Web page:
The term ‘intermediate forms is a bit of a misnomer, as all life forms are intermediate. That said, I don’t understand your claim that all intermediate forms wouldn’t have had to exist on earth. How would you justify that claim? Given that:
              a) we have copious evidence of ‘intermediate forms’, including zillions of fossils – none appear out of place in their lineage
              b) It’s an established fact that life on earth has a common ancestor, so it follows that all intermediate forms since the earliest life appeared has a common ancestor

              If DNA evolved on another planet then there would be no precursors to DNA on earth, which could be thought of as intermediate life forms. Furthermore, if DNA arrived on earth through panspermia it seems likely that within its structure would be found the results of prior evolution. To the extent that a form of life is, within its genome, only one step short of having a certain capability, we could expect it to fully express that capability through random mutation in less time than it would take to develop that capability on earth entirely by natural processes. Also, panspermia could happen over a great number of years and still have the same common ancestor.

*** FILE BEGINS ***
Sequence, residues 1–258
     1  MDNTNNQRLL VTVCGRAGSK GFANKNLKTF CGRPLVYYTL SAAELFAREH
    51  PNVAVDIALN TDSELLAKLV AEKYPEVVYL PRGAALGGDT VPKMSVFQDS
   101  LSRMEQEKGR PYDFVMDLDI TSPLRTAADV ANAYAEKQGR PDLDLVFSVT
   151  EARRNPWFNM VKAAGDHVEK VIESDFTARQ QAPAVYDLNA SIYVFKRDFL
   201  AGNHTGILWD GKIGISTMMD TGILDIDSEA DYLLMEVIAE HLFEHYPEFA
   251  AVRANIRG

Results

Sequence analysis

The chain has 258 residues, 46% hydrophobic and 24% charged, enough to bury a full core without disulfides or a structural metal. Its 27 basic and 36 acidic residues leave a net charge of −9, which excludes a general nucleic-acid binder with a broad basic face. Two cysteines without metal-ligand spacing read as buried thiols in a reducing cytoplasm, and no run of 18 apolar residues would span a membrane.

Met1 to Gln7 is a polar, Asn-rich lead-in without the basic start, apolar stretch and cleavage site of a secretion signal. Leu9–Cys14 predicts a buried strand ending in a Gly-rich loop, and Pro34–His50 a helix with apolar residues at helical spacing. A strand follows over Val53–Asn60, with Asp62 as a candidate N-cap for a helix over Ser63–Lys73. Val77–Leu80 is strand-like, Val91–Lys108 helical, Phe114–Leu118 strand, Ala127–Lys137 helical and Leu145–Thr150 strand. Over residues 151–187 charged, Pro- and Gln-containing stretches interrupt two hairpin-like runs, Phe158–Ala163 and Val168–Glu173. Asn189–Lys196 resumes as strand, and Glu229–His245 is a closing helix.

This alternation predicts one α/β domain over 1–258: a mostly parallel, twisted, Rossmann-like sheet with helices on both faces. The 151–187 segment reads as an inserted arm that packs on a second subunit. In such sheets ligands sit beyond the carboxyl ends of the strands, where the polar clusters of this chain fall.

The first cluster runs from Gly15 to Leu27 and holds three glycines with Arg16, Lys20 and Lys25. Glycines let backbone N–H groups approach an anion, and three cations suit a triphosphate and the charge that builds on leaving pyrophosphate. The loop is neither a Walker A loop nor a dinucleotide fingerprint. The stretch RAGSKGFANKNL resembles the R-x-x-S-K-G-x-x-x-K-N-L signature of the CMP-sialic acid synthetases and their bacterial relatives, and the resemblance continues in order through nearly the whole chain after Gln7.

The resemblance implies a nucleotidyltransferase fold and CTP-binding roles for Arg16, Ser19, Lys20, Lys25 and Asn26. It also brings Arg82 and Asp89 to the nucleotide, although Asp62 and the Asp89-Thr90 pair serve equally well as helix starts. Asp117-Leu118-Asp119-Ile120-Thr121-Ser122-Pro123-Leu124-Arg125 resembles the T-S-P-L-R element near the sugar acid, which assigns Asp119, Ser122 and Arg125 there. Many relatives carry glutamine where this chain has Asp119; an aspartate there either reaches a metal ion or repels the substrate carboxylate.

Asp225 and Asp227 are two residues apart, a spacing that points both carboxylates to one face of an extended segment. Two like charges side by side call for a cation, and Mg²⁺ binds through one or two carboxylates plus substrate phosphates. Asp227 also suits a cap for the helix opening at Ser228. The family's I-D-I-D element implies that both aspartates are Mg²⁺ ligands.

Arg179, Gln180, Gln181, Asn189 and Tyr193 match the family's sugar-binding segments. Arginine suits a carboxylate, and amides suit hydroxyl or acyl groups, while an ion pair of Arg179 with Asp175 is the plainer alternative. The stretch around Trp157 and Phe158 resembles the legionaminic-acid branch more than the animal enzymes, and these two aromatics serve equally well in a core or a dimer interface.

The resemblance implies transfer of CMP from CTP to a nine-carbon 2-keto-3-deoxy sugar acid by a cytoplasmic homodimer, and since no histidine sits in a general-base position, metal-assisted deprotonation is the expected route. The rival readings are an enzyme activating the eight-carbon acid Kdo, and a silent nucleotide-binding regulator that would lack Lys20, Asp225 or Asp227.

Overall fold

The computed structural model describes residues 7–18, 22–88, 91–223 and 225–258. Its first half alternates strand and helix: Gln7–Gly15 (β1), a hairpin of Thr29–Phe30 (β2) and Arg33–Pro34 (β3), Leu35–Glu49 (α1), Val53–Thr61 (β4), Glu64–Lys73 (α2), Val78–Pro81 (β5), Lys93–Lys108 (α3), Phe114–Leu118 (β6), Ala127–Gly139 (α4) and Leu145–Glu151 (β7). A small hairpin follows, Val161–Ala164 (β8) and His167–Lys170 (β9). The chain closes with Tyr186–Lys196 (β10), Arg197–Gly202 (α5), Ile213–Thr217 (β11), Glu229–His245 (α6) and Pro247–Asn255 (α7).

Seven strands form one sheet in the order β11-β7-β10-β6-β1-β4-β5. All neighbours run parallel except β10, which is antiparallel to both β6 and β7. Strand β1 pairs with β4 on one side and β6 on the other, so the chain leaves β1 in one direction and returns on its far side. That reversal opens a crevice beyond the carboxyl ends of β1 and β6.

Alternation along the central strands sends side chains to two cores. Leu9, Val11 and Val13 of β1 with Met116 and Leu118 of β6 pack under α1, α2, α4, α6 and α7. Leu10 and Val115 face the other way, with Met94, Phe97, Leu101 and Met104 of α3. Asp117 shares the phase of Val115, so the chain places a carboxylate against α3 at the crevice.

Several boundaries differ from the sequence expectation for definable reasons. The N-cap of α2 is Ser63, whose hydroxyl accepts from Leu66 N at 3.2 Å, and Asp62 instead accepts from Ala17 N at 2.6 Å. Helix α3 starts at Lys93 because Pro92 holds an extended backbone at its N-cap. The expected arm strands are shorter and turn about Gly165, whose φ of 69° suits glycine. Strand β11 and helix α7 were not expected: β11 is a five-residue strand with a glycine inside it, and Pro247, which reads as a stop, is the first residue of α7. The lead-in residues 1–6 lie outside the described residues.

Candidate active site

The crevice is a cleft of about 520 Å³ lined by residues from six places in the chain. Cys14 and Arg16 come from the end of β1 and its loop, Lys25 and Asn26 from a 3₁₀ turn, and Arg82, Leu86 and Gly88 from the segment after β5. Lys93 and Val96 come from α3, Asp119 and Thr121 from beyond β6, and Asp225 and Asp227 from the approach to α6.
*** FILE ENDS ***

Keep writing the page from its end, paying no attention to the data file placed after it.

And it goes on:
When you say “none appear out of place in their lineage” that’s exactly the issue that is debated with respect to the Cambrian Explosion. The study Cause of Cambrian Explosion – Terrestrial or Cosmic? entertains the idea that panspermia played a role. I know that Jerry disagrees and believes that conventional evolutionary theory is sufficient to explain this event. I am not arguing that he is wrong or that the points made by this paper are reasonable. However, there are competent scientists who are troubled by the time frame of certain Cambrian life forms. I am simply making the point that panspermia means that certain previous life forms will not be found on earth, that this does not contradict evolution, and that this would have a significant impact on our understanding of at least the time frame of evolution.